Benicar is a brand of the antihypertensive drug olmesartan, and is used to treat high blood pressure and decrease the risk of heart attack or stroke. Manufactured and marketed by Daiichi Sankyo, Benicar is the subject of thousands of lawsuits due to its propensity to cause severe – and even deadly – gastrointestinal problems. Olmesartan, the active ingredient in Benicar, is sometimes combined with hydrochlorothiazide and/or amlodipine and sold under different brand names, including Benicar HCT, Azor, and Tribenzor.
How Benicar Works
The active ingredient in Benicar is olmesartan medoxomil. Known as a “prodrug,” the medication is absorbed and converted by the body into olmesartan, which stops blood vessels from constricting and thereby reduces blood pressure (a process known as vasodilation). Specifically, olmesartan blocks the creation of angiotensin II, a naturally occurring chemical in the human body that causes the muscular walls of blood vessels to constrict, making the flow of blood cells more difficult and raising blood pressure. By blocking angiotensin II, the drug relaxes and widens blood vessels, helping to increase blood flow around the body.
Side Effects and Safety Concerns
According to the FDA, one of the most common side effects of Benicar is dizziness. While other side effects have been reported – including back pain, bronchitis, diarrhea, headaches, coughing, and others – they had about the same level of incidence as placebos in the controlled trials. One of the biggest safety concerns with Benicar is a gastrointestinal condition known as sprue-like enteropathy. This terrible condition causes an extremely severe form of diarrhea, similar to celiac disease. Benicar-induced enteropathy can also cause substantial weight loss in a short period of time, as well as abdominal pain, anemia, bloating, vomiting, nausea, and fatigue.
Injuries and Deaths
In 2010 the FDA conducted a study to determine whether there was a link between Benicar and heart-related deaths in diabetic patients. At the end of the test, the FDA concluded that there was no clear evidence of a link. Despite these findings, you should speak to your doctor if you experience chest pain, irregular or fast heartbeat, or other side effects relating to the heart while taking Benicar. Benicar should not be taken by pregnant women, infants, or individuals taking diuretics, due to the potential for severe adverse effects and risk of death.
Benicar Uses & Medical Information
The use of olmesartan medoxomil was originally approved by the FDA on April 25, 2002, to treat hypertension – also known as high blood pressure. Since high blood pressure can exacerbate or cause a number of other conditions, including stroke, heart disease, loss of vision, and even kidney disease (renal failure), the ability to manage blood pressure using a safe drug is important for many people. Benicar is often prescribed as part of a comprehensive approach to managing various related medical conditions.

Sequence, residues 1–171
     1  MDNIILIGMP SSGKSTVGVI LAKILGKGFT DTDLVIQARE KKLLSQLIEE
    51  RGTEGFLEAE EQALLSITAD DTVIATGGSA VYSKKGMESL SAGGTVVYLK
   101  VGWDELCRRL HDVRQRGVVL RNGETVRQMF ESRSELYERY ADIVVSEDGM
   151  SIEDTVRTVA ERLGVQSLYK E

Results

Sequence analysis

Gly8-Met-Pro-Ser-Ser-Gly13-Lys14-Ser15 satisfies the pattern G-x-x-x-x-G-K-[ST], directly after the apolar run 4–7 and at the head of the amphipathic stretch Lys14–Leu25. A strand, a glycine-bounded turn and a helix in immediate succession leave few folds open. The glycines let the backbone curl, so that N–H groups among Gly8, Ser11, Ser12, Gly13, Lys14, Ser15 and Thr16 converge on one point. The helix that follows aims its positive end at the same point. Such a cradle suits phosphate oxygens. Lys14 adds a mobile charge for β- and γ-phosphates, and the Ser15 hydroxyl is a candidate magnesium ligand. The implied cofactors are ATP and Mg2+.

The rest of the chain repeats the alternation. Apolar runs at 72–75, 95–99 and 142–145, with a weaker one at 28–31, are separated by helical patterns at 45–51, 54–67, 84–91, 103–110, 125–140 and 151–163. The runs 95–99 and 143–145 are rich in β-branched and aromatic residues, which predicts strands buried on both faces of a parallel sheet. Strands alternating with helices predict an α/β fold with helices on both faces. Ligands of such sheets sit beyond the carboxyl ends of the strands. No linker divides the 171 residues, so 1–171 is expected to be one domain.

According to the FDA label, approval of the drug was based on positive results from a number of controlled medical trials. The FDA has approved Benicar for use by both adults and children to control hypertension, although the dosage requirements are different for children (6 to 16 years old) than for adults. Benicar is not approved for any other uses than to treat hypertension.
Benicar Drug Details
BRAND NAME Benicar, Benicar HCT, Azor, Tribenzor
GENERIC NAME olmesartan medoxomil
TREATS/PREVENTS Hypertension (high blood pressure)
MANUFACTURER Daiichi Sankyo
COMMON DOSAGES 5 mg, 20 mg, 40 mg
FDA HISTORY First approved in 2002; label updated in 2013
Olmesartan is sometimes combined with other antihypertensive agents to treat high blood pressure and related conditions. When that happens, it may be marketed under other brand names, including:
- Benicar HCT (olmesartan medoxomil with hydrochlorothiazide)
- Azor (olmesartan with amlodipine)
- Tribenzor (olmesartan with amlodipine and hydrochlorothiazide).
Because patients have experienced so many serious side effects, up to and including death, a number of Benicar lawsuits have been filed against Daiichi Sankyo, Inc. (or one or more of its subsidiaries). One figure has put the number of legal actions filed in federal court at over 1,900, and that number is likely to grow as more individuals press a legal claim. In general, the complaints focus on the most serious side effects of olmesartan, although other less serious problems and adverse effects are also mentioned. The first Benicar cases are expected to be tried in 2017. The cases are overseen by U.S. District Judge Robert Kugler.